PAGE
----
Qualified Remodeler Magazine

AUG 2015

Qualified Remodeler helps independent remodeling firms to survive, become more professional and more profitable by providing must-have business information, namely best business practices, new product information and timely design ideas.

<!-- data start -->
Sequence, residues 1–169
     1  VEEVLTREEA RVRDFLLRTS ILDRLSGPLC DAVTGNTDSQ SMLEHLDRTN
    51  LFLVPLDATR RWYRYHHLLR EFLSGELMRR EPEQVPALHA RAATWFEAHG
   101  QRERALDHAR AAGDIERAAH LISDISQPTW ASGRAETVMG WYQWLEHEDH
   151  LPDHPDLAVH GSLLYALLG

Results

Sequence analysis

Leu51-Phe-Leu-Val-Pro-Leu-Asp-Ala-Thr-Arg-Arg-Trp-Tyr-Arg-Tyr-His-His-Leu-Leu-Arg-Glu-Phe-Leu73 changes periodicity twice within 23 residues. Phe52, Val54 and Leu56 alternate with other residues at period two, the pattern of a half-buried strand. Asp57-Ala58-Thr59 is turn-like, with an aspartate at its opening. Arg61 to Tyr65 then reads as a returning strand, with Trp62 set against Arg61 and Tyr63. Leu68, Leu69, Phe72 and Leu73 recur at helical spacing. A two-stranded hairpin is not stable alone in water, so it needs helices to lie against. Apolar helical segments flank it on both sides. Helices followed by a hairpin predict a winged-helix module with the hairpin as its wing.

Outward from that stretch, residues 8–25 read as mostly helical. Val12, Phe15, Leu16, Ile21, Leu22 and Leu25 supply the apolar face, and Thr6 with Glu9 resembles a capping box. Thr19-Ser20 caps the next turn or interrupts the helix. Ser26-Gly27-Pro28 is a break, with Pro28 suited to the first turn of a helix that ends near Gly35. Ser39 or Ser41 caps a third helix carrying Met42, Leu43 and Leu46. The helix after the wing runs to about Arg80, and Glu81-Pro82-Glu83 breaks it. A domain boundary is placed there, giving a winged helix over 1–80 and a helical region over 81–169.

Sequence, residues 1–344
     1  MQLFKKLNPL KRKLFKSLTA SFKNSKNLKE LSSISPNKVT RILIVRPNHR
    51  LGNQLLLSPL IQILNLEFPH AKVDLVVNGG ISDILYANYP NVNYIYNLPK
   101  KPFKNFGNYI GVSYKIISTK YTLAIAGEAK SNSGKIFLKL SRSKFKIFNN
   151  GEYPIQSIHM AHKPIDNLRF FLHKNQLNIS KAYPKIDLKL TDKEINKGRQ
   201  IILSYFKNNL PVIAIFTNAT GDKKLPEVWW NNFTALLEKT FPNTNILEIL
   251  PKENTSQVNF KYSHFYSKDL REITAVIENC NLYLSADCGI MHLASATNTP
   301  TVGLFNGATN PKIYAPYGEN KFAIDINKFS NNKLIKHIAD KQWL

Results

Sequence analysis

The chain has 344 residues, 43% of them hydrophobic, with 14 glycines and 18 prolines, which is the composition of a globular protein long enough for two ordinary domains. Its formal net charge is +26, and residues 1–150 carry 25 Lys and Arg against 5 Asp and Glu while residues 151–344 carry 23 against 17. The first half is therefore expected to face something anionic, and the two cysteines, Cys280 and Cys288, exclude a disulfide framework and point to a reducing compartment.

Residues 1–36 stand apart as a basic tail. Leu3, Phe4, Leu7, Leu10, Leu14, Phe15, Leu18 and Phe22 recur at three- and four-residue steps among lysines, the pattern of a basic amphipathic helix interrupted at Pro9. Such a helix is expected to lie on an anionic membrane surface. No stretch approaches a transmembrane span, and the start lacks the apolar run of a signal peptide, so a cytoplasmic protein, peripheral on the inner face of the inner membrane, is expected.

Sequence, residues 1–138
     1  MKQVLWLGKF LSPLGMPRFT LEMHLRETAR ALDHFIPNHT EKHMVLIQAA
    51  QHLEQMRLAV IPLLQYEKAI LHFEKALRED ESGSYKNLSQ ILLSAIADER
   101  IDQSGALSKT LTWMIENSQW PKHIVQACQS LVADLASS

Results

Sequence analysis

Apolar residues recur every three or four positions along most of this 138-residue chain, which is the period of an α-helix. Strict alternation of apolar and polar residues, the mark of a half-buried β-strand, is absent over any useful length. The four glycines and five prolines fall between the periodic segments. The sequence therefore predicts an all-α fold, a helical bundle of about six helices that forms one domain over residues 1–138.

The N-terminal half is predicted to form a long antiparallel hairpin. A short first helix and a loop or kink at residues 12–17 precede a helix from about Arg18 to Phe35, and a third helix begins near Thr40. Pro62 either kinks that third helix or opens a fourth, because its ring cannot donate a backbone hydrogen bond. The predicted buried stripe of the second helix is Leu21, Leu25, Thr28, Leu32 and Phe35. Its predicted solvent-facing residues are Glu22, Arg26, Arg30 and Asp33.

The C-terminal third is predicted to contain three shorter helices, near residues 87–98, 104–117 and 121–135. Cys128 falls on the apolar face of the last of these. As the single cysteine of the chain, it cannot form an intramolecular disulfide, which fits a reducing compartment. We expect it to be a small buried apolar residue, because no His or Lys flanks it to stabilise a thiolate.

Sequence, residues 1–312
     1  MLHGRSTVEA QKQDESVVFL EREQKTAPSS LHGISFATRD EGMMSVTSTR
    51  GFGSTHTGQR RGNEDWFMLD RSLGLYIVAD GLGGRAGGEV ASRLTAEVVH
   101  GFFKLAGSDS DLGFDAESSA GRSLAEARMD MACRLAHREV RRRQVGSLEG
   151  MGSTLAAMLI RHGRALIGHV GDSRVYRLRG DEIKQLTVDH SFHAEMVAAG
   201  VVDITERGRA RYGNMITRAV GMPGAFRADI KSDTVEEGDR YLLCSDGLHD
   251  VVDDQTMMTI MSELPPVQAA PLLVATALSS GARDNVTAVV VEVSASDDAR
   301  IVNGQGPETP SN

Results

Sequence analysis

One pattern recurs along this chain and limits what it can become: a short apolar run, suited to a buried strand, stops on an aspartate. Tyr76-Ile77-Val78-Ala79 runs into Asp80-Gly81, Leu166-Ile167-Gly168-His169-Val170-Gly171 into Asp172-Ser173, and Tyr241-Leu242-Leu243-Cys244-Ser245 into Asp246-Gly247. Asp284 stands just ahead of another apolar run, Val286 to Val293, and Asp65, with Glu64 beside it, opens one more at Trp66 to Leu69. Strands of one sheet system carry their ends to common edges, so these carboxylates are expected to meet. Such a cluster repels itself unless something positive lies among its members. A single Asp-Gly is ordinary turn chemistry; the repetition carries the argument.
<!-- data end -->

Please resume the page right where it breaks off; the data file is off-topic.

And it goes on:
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he Federal Trade Commission will hold a workshop ti- tled "Follow the Lead: An FTC Workshop about Online Lead Generation" on Oct. 30. in Washington, D.C., to explore the growing use of online lead generation in various industries. Many remodelers buy leads for new busi- ness, which can be quite expensive, especially for exterior re- placement f irms. The upcoming workshop indicates the feds believe this is an area that needs more oversight. The FTC currently is seeking research, recommendation for discussion topics and requests for panelists. The deadline to submit public comments about the workshop is Dec. 20; they can be submitted online at ftcpublic.commentworks.com/ ftc/onlineleadgenerationworkshop/. Recent examples of the FTC's attention on online lead genera- tion include bringing enforcement actions against payday loan lead generators, mortgage lead generators and companies that use lead generators to subvert telemarketing laws. Topics of discussion will include how online lead generation works and its variations, depending on the industry; what types of lead generation conduct may be unlawful under the FTC Act's prohibition against unfair or deceptive practices; best practices for entities that generate and sell consumer leads; and how consumers can avoid unlawful conduct in the online marketplace. Te free workshop, which is open to the public, will gather stake- holders, including industry representatives, consumer advocates and government regulators to discuss consumer protection issues. | Coming Soon: More Oversight of Third-party Online Leads The Federal Trade Commission recognizes that online lead generation can be pricey, and it is accepting public comments prior to holding a workshop about the topic. LEGAL T Continued on page 11 NEWS Implications of Aging Population for Home Improvement Market Over the coming decades, the number and share of U.S. households age 65 and over will rise dramatically as the oldest members of the baby-boomer gener- ation reach retirement age. Research released by Harvard's Joint Center for Housing Studies sheds light on the impli- cations of an aging society for the home improvement market by analyzing the remodeling activity by older owners and estimating the projected demand for and supply of homes with basic accessibility features in the near future. Since 2007, the share of total market spending for home improvements by owners age 55 and over has increased from less than one-third to nearly a half by 2013. Reaching $90 billion in 2013, spending by older owners was just 6 percent less than during the last market peak in 2007 and for the frst time surpassed the share and level of spending by middle-age homeowners. Combining historical spending data from the American Housing Survey with recent consumer housing survey data of expected spending from the Demand Institute suggests that total improve- ment expenditure by older homeown- ers could surge by an additional $17 billion annually throughout the next three years. For more information, visit QualifedRemodeler.com/20000581. Mid-year Housing Outlook HomeSphere and Morgan Stanley host- ed a webinar on Aug. 12 titled "Morgan Stanley 2015 Housing Outlook — Mid- year Review." Presented by Morgan Stanley's Ryan Gilbert, the webinar fore- casted there will be 1 million household formations by the end of 2015. Renters, however, are increasing; homeownership is trending down to about 63 percent, which is 2 percentage points lower than the long-term average of 65 percent. Other presentation notes include home price appreciation of +4 to 6 percent; 500,000 to 550,000 new home sales, which will translate to 15 to 25 percent year-over-year growth; 1.2 to 1.3 million new housing starts, of which 700,000 to 750,000 are single-family; and 5 mil- lion to 5.25 million existing home sales. First-time home buyers are rate sensitive and afordability is below long-term averages. Although demand in 2013 and 2014 was negatively impacted by higher mortgage payments, over the longer term, new home sales and interest rates are uncor- related. This year is diferent than preced- ing years for three main reasons: Mortgage rates have been lower and are increasing at a more moderate cost; HPA has decel- erated; and economic fundamentals are IN BRIEF 8 August 2015 QR QualifiedRemodeler.com

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